We are at the top pf page 26, at the heading that reads “Differing Acts of Surrender.” Tiebout uses a couple of terms in a technical way that might bear some explanation.
A good dictionary will tell you that this word comes from a greek word that means purification, cleansing or purging. Catharsis generally means revealing hidden emotions in a way that removes them as problems. You can have catharsis in art or in many other contexts. Tiebout’s use of the word is probably closer to the technical meaning given to it by Freudian psychoanalysis. A paragraph from the Wikipedia page for catharsis sums that up nicely:
The term catharsis has also been adopted by modern psychotherapy, particularly Freudian psychoanalysis, to describe the act of expressing, or more accurately, experiencing the deep emotions often associated with events in the individual’s past which had originally been repressed or ignored, and had never been adequately addressed or experienced.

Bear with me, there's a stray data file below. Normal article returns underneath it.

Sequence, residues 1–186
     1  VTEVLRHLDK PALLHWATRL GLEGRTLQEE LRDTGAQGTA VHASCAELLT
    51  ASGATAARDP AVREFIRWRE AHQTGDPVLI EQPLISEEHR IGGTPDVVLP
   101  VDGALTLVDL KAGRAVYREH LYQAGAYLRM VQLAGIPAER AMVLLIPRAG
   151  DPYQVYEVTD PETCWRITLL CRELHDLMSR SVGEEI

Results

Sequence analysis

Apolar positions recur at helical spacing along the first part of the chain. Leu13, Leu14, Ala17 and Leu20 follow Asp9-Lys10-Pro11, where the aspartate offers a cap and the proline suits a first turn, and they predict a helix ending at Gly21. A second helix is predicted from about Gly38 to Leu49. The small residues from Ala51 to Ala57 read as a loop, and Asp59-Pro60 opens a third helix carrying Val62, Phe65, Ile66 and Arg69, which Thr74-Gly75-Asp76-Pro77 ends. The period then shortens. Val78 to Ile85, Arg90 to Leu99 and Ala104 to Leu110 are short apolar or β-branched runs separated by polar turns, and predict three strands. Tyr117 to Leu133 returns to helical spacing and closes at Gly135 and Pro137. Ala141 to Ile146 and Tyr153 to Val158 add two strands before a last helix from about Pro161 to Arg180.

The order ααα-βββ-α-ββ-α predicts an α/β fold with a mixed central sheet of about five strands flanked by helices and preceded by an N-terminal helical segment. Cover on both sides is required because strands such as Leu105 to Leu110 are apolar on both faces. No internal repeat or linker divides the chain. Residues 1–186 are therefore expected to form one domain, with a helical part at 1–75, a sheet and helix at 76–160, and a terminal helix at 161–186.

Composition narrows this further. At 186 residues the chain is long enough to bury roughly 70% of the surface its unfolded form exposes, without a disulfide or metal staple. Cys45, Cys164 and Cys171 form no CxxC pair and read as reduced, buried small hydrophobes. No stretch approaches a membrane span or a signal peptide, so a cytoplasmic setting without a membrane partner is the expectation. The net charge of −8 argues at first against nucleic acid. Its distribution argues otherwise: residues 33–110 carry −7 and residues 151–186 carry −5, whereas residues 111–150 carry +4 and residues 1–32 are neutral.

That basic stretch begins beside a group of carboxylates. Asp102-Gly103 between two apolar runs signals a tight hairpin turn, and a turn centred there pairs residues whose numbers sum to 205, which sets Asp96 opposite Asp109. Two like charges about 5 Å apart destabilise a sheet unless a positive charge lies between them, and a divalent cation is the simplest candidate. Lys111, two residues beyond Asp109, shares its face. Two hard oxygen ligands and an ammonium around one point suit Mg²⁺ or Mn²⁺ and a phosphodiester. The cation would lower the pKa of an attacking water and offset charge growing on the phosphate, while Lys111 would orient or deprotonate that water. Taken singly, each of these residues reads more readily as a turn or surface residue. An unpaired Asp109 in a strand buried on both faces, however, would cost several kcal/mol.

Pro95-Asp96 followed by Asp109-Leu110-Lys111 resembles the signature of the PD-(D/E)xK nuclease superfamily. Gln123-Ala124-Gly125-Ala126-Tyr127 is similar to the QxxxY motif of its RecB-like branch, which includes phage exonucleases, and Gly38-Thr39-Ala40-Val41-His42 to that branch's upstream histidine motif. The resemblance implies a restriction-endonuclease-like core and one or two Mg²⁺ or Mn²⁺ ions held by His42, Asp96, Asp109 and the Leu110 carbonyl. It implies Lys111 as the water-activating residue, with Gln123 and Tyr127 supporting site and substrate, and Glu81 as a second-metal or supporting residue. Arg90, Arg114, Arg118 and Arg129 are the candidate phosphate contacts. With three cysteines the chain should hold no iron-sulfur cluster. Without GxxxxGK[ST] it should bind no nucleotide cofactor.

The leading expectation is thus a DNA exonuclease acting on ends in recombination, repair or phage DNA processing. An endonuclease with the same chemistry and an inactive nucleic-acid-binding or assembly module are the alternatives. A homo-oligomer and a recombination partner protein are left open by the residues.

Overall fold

This word describes the situation where we transfer out emotions from one person. place or thing to another. For example, maybe I deal with my (male) boss as if he had the attitudes my father had. My emotions about my father transfer to my boss. In psychotherapy, transference describes a patient placing feelings of love, anger or fear onto the therapist. Often that shows up as romantic or erotic feelings, but a whole slew of emotions including anger can show up. Transference can be seen as valuable to therapy as a way in to a patient’s unconscious feelings.